Waikato Regional Council will carry out further investigations before deciding to consult with the public over whether to put up $6 million to build a world-class velodrome near Cambridge.
The decision was made following extensive debate during an extraordinary council meeting held late this afternoon before a packed public gallery.
In making its decision, the council considered the due diligence review by Deloitte, which examined the accuracy of the Waikato Bay of Plenty Home of Cycling Trust’s economic impact assessment report, the proposed capital and operational budgets and other issues including facility ownership and depreciation.
The council also discussed the findings of a staff report assessing the benefits, alignment and rationale for funding.
A number of concerns were raised in both reports, as well as in presentations to the meeting, including:
Regional council chairman Peter Buckley said, “It has been a terribly tight timeframe for us, with all the information we’ve had to digest in the past 24 hours in particular.
“We’ve been put in a difficult situation by the government funding agency’s tight timeframes,” he said.
“I would have liked to see the proposal go to the public through the Long Term Plan consultation process, but I need to have more information before spending additional unbudgeted funds on public consultation at this time,” Cr Buckley said.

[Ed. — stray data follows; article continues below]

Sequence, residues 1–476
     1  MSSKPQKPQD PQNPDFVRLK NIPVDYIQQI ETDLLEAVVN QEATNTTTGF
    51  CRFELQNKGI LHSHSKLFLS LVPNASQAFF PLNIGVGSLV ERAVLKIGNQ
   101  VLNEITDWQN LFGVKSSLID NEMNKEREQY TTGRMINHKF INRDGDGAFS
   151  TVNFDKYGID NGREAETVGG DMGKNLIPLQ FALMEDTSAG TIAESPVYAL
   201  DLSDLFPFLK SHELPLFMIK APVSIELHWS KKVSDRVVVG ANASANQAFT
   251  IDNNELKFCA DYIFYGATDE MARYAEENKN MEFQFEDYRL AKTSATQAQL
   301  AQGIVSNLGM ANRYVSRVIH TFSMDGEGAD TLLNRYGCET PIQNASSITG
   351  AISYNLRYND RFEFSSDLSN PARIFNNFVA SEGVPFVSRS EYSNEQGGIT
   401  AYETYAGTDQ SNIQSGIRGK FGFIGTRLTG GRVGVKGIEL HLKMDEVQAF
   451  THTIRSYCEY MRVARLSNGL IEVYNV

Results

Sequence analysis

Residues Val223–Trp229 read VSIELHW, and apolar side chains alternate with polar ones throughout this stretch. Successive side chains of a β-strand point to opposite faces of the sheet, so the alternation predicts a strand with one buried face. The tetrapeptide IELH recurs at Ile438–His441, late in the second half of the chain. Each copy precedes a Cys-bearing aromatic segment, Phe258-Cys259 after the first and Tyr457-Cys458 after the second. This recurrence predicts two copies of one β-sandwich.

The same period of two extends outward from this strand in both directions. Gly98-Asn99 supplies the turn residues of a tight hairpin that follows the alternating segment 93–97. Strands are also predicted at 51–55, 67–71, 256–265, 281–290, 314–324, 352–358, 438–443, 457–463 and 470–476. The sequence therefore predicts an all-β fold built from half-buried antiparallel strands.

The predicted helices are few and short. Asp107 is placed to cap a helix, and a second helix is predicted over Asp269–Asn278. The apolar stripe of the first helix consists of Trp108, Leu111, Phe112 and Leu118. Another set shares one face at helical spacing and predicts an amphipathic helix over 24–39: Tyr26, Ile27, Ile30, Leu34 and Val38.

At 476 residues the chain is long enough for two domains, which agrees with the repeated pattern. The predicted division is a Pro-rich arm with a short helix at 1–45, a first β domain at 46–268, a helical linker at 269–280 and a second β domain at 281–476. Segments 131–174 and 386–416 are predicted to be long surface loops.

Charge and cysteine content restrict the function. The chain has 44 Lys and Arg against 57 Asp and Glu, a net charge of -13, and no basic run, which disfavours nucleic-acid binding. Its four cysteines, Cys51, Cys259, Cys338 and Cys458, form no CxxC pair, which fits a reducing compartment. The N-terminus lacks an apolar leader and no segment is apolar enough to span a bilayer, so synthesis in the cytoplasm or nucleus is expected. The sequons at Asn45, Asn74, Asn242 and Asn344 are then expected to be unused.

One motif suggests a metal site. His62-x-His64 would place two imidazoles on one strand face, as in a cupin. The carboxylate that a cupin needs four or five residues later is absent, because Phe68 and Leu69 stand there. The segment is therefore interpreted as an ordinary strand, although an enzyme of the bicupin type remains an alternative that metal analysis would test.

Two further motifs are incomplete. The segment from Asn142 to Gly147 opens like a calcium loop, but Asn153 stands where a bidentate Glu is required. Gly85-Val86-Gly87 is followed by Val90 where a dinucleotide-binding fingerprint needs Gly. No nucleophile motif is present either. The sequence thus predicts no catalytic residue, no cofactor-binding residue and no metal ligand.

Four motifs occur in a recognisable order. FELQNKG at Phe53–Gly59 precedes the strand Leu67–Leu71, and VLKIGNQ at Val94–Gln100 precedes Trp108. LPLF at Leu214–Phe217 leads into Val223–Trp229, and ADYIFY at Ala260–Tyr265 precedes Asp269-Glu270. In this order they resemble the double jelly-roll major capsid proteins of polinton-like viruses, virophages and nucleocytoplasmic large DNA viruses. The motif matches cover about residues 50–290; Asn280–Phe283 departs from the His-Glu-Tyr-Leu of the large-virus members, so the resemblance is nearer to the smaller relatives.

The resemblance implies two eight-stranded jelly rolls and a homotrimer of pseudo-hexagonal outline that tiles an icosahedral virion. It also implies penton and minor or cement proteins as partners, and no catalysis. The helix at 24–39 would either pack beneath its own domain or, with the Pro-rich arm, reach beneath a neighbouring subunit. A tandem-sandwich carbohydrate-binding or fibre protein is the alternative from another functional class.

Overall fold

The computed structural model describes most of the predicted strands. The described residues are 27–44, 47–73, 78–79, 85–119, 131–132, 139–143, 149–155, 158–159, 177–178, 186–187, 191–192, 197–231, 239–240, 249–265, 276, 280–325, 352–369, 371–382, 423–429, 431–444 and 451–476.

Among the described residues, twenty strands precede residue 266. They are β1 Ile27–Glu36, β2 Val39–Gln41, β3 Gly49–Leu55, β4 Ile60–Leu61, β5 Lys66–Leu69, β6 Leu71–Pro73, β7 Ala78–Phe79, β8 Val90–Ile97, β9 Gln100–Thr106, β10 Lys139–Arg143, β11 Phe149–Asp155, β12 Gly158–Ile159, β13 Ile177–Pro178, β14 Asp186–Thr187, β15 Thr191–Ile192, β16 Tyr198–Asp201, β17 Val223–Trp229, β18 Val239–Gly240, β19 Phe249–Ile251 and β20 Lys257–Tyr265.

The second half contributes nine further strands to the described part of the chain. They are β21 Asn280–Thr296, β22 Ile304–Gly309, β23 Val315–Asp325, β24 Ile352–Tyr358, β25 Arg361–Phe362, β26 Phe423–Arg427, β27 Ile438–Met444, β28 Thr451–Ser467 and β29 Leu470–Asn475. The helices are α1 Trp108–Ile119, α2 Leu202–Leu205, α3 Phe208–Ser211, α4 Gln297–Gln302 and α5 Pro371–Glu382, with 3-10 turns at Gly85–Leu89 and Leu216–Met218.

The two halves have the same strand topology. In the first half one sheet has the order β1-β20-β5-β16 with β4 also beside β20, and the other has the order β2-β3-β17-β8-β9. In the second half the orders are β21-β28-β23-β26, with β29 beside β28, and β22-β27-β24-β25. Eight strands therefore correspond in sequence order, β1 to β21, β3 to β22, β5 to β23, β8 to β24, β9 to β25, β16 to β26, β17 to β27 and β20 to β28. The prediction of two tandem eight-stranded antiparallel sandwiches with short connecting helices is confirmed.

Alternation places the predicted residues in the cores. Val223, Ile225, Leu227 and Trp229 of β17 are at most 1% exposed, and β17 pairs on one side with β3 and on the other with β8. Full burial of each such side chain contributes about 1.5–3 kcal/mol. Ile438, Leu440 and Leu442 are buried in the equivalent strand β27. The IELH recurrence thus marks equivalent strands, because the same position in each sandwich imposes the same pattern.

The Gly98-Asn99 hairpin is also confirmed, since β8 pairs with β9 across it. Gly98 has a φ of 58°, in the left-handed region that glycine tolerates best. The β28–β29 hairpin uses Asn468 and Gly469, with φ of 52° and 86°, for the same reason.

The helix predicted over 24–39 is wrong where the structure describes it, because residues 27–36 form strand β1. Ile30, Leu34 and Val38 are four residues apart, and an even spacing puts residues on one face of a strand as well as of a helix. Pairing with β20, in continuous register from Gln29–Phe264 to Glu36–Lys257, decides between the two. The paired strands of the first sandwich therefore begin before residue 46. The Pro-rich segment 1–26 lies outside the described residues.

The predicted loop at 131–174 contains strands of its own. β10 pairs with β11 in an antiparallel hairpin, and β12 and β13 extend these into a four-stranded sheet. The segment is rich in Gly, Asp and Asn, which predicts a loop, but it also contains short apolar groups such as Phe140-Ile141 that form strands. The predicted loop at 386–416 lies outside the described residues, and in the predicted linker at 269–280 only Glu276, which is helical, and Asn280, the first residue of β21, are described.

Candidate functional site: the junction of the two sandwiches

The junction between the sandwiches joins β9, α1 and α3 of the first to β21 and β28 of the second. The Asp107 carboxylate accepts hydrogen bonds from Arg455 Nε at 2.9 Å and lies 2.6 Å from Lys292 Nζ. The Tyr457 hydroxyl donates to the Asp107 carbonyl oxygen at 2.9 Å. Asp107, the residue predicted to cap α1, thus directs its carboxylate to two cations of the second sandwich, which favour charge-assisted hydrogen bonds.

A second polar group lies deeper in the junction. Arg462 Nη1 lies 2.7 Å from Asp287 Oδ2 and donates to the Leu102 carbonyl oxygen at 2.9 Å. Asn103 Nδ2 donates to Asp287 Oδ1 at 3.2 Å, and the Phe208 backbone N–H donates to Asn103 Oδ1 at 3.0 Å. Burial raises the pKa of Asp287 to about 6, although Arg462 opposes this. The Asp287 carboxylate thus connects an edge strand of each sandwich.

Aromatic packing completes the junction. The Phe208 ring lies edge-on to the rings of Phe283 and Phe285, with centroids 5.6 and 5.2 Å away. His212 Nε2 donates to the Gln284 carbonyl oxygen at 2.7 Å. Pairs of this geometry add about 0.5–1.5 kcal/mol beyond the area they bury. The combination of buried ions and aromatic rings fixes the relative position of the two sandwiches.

Following careful consideration, councillors resolved they needed further information before a proposal could be put to the public, particularly around costs.
Staff will now provide a report to the council during its next meeting on Wednesday, 29 June which will outline what further work is required for a more detailed assessment of the Home of Cycling Trust’s proposal, and the time it will take to do the additional work. The council will also contact SPARC to discuss seeking an extension to allow consultation to be completed.
In April, the Waikato Bay of Plenty Home of Cycling Trust made a presentation to council, highlighting the benefits the proposed $28.5 million national cycling centre of excellence would deliver to the region, including projected economic benefits of $11 million a year.
The trust was seeking the entire $11 million local government share from the Waikato and Bay of Plenty regional councils and Waipa District Council. Time pressures meant the trust could not seek council support through the usual annual or long term planning processes. However, Waipa District Council has since conditionally allocated $1 million.
The Government is putting $7 million into the cycling centre project, with $11 million sought from local government, and the balance from trusts and naming rights.
Since winning the preferred tender bid, the Waikato Bay of Plenty Trust has been on a fast track to secure funding and finalise commercial tenancies, design and build agreements and other governance and operational details.
SPARC extended the deadline until early September to allow the trust to confirm it has the funding in place to develop the centre.
SPARC has stated it has the option to negotiate with other shortlisted bids, Auckland or Palmerston North, if Waikato Bay of Plenty cannot complete these technical and financial conditions. The timeframe has been set so building is completed by March 2013 in preparation for the 2016 Olympic programme.